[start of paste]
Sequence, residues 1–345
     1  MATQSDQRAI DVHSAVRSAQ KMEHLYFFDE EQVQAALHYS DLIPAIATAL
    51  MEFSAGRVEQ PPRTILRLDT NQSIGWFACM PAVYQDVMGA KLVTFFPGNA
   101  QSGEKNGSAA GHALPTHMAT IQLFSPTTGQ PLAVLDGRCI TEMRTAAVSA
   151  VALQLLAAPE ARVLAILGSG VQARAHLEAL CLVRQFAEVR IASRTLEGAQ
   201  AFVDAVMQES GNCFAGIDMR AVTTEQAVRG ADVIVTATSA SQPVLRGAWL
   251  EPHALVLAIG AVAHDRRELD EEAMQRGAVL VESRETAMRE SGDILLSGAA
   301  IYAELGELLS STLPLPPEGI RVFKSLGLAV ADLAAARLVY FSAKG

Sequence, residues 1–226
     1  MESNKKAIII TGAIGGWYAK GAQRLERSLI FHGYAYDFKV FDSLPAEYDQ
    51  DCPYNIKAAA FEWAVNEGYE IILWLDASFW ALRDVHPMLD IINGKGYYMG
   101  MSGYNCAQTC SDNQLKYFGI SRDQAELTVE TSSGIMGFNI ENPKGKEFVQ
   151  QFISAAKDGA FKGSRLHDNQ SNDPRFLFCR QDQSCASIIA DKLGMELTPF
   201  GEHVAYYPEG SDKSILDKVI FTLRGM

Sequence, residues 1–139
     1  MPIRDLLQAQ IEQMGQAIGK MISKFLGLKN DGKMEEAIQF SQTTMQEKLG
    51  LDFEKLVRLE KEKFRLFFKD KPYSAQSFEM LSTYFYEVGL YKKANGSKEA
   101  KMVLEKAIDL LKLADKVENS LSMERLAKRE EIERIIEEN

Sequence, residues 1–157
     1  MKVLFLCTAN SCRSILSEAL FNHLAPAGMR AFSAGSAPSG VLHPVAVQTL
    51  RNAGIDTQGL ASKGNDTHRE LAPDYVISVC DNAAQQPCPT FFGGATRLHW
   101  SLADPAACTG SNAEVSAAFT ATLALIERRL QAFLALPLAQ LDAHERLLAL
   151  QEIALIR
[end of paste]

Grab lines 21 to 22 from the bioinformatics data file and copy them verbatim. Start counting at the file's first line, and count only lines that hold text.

    51  RNAGIDTQGL ASKGNDTHRE LAPDYVISVC DNAAQQPCPT FFGGATRLHW
   101  SLADPAACTG SNAEVSAAFT ATLALIERRL QAFLALPLAQ LDAHERLLAL